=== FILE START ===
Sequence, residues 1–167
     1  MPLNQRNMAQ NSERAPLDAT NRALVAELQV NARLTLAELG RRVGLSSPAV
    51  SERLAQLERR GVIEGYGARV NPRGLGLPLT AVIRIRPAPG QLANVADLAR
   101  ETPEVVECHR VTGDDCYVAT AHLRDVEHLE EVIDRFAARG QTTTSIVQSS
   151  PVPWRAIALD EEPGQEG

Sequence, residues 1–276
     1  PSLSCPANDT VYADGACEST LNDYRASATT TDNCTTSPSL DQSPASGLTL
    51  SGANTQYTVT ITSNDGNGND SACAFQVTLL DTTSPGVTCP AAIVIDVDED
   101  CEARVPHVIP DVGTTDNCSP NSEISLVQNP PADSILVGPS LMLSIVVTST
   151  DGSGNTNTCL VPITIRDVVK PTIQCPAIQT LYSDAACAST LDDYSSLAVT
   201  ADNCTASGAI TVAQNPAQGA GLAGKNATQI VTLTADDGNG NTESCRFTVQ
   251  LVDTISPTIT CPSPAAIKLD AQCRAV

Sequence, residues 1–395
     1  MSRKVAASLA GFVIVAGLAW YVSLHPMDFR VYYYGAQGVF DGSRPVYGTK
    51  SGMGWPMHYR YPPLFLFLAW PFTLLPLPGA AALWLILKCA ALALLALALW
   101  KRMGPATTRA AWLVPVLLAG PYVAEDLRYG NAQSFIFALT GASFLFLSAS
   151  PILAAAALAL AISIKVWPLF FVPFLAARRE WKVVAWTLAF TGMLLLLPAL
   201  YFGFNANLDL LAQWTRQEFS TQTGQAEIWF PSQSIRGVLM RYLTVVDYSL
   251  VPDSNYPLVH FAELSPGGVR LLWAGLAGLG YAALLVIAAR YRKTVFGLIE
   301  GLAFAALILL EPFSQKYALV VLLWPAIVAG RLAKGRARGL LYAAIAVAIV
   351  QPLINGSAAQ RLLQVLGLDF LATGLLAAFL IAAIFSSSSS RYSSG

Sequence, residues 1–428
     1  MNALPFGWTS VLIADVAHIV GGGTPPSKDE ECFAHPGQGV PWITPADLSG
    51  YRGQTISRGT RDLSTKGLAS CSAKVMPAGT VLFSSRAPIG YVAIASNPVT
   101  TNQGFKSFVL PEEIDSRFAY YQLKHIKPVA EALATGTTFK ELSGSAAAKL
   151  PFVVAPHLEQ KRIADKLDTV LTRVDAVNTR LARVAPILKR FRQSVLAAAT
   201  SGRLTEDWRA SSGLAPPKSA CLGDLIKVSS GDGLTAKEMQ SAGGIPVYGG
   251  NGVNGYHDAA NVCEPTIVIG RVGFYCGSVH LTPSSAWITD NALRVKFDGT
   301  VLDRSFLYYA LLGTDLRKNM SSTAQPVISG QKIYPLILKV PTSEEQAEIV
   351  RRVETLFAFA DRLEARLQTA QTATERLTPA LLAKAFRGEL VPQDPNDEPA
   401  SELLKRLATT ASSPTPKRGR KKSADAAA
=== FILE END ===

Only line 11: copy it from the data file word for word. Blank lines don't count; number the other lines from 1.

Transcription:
   201  ADNCTASGAI TVAQNPAQGA GLAGKNATQI VTLTADDGNG NTESCRFTVQ